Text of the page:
And that leads me to my second point. When you say that woman is “giving back,” you are making her generosity less virtuous. You are saying the recipients deserve her time and money. She owes it to those children to volunteer to try to make their lives better, more fun. Her generosity comes from her not owing anyone anything, but choosing to give anyway.

A business owner who opens a business in a community is thus benefiting that community by his mere presence in that community. He is providing jobs and goods and/or services, creating value and creating wealth. The community is already better off because of what he is doing as a business owner. He has taken from no one to get what he has gotten; what he has gotten is a poor reflection of the value he created, value he necessarily shared in creating through voluntary trades with others. He does not owe the community anything. He provided goods and/or services that community needed; he provided jobs that community needed. The community in turn rewarded him, making him wealthy enough to have enough excess that he is capable, if he wants, to be philanthropic.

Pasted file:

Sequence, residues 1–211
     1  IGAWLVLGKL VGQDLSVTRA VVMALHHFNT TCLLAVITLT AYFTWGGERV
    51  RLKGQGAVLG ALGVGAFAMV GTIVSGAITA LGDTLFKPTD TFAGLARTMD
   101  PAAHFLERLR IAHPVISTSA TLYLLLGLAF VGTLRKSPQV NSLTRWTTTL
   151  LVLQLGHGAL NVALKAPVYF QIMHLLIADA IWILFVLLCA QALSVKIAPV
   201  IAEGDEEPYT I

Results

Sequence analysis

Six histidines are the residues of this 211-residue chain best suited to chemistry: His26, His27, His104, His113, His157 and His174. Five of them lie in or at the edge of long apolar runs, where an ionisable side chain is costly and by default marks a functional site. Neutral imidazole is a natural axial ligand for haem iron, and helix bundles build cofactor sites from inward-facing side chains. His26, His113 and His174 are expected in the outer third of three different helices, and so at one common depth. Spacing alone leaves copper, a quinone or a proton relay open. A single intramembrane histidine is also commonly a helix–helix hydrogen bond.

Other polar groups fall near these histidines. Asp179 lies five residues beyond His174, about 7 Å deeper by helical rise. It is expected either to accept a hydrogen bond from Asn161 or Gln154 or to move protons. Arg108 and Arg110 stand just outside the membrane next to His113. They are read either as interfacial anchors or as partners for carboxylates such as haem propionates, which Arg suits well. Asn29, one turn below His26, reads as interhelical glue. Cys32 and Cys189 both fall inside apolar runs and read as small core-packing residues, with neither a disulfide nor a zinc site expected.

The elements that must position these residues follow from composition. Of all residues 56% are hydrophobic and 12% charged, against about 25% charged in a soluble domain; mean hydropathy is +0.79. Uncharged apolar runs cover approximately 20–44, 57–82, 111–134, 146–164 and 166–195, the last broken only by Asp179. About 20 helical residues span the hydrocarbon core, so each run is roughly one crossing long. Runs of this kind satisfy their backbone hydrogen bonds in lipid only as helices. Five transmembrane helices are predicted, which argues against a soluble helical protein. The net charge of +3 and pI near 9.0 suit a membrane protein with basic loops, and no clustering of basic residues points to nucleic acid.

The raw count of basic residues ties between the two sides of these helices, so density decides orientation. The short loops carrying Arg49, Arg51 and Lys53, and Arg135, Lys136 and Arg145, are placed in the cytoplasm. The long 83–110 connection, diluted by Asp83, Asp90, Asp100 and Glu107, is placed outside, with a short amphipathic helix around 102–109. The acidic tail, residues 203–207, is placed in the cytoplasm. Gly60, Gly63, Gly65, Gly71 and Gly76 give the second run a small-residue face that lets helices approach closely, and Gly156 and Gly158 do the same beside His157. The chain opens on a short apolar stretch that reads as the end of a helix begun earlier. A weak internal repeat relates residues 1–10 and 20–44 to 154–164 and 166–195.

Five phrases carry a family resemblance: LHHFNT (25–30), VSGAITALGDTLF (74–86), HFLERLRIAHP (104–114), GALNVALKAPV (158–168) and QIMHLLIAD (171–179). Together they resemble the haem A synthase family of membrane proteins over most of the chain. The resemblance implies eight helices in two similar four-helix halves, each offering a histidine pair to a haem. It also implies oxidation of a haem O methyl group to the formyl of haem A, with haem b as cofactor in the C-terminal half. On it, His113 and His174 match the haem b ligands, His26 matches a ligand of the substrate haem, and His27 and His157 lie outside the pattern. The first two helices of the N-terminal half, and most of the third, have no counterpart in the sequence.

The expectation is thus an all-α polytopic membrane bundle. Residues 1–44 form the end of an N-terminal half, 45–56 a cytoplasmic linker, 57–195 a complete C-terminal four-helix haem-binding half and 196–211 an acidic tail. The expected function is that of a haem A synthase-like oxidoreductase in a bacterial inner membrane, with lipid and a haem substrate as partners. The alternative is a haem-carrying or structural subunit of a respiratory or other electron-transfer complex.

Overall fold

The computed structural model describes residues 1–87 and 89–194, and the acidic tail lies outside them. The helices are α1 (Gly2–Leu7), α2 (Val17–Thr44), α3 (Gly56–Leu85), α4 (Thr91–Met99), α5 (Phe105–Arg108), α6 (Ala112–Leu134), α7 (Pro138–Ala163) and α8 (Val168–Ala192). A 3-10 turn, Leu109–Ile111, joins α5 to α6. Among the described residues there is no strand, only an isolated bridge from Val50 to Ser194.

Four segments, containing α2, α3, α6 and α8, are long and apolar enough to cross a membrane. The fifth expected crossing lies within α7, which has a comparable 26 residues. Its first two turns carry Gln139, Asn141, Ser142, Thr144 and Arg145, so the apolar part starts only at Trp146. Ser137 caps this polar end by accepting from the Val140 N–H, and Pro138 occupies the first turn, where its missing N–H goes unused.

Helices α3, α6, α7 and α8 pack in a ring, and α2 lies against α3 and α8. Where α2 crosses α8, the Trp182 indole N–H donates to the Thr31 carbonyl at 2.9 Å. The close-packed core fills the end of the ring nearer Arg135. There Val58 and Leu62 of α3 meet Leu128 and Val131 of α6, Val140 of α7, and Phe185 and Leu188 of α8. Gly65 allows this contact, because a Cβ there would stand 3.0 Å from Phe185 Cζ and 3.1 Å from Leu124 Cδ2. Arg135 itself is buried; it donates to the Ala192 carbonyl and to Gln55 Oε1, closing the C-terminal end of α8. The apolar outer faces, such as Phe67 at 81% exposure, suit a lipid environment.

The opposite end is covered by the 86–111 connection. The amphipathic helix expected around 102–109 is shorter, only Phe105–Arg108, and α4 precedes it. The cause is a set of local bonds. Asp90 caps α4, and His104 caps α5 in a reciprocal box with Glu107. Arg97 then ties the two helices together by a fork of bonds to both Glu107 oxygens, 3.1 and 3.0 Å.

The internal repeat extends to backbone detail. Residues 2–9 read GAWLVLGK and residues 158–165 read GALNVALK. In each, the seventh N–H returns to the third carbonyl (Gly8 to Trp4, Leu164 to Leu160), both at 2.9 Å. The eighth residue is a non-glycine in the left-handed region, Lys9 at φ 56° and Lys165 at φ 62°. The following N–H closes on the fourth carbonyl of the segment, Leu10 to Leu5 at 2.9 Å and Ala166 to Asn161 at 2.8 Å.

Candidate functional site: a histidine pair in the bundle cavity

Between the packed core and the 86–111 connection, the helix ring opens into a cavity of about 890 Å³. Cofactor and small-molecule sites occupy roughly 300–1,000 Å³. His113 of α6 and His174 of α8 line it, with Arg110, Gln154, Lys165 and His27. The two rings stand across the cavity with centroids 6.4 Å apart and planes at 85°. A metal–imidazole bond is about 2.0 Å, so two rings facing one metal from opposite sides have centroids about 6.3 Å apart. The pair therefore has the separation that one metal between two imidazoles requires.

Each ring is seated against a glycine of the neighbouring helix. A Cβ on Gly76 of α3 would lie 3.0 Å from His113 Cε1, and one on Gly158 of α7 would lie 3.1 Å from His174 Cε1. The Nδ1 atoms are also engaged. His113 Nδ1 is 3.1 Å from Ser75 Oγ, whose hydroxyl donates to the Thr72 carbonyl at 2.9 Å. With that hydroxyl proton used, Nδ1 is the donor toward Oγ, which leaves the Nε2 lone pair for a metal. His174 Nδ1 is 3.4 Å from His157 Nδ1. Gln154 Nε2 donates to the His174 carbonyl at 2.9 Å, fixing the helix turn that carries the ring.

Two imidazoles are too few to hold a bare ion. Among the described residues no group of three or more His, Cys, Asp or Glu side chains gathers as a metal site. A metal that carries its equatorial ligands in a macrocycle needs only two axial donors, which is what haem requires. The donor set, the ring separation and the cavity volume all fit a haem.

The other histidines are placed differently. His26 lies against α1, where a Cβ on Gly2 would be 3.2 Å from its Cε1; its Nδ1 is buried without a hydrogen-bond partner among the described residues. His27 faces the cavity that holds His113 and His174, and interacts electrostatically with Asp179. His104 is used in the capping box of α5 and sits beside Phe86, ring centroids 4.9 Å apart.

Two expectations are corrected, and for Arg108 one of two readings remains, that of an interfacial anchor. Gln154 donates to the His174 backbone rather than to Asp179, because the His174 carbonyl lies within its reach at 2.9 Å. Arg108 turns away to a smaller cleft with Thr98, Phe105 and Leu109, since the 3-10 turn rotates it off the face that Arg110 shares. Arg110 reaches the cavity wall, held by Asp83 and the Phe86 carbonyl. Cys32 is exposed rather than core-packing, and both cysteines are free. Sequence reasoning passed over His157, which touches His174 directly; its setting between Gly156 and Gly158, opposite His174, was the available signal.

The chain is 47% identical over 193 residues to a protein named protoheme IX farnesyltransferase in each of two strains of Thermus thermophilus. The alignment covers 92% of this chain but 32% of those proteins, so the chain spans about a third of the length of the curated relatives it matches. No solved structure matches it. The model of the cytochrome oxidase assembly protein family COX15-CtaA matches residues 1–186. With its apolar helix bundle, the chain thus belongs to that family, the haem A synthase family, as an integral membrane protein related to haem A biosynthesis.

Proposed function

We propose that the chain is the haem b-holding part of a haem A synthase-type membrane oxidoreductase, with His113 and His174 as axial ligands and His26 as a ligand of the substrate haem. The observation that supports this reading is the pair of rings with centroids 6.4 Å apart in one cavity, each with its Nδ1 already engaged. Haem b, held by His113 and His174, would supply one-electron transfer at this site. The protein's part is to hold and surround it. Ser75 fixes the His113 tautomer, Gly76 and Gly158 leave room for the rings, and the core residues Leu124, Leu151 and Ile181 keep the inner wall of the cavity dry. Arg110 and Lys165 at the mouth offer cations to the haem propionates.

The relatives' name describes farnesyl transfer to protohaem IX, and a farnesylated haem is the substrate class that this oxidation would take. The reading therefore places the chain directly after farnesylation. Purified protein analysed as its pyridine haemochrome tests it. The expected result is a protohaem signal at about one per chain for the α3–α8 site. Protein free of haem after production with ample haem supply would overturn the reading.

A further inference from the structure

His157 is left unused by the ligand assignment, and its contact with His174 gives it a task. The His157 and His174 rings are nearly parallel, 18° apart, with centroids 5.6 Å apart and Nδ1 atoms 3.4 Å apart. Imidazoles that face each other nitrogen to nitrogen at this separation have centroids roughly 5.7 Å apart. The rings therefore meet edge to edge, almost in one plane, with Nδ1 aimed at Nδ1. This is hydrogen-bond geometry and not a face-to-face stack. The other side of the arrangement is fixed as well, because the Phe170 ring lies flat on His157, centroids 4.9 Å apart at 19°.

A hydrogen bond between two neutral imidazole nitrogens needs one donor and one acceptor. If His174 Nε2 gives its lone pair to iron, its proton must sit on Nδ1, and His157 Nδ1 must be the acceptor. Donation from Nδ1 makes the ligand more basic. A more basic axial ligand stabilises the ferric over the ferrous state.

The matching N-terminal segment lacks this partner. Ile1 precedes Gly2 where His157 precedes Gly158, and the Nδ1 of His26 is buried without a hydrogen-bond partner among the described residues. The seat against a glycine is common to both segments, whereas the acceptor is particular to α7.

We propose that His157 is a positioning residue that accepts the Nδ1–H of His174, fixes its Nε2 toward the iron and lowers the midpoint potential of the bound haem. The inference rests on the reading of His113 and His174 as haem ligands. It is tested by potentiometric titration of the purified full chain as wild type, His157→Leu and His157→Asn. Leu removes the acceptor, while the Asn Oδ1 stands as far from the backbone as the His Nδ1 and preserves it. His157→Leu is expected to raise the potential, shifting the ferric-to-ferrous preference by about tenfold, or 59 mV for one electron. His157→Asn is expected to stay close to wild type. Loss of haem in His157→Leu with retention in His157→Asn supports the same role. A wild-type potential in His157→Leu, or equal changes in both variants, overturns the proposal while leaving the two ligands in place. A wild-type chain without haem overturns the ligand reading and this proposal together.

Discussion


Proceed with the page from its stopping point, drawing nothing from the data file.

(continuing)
If we consider the fact that no market exchange can or will happen unless both people are better off — unless more value is created — it makes sense to understand that extra value each gives the other as a gift as well. The business owner has been giving to the community by simply having a successful business. The community members have been giving to the business owner because he offers them the gifts of increased value in goods and services they want.

So the business owner does not give back when he is generous. He is giving. Anyone who gives to others, whether they are a business owner or a current or former employee, is giving, is being generous, because they have participated in a positive sum game, and from the benefit they have given, give more from the benefit they have received.

And that is why I consider the term “giving back” as a way of saying “giving” not just objectionable, but downright odious.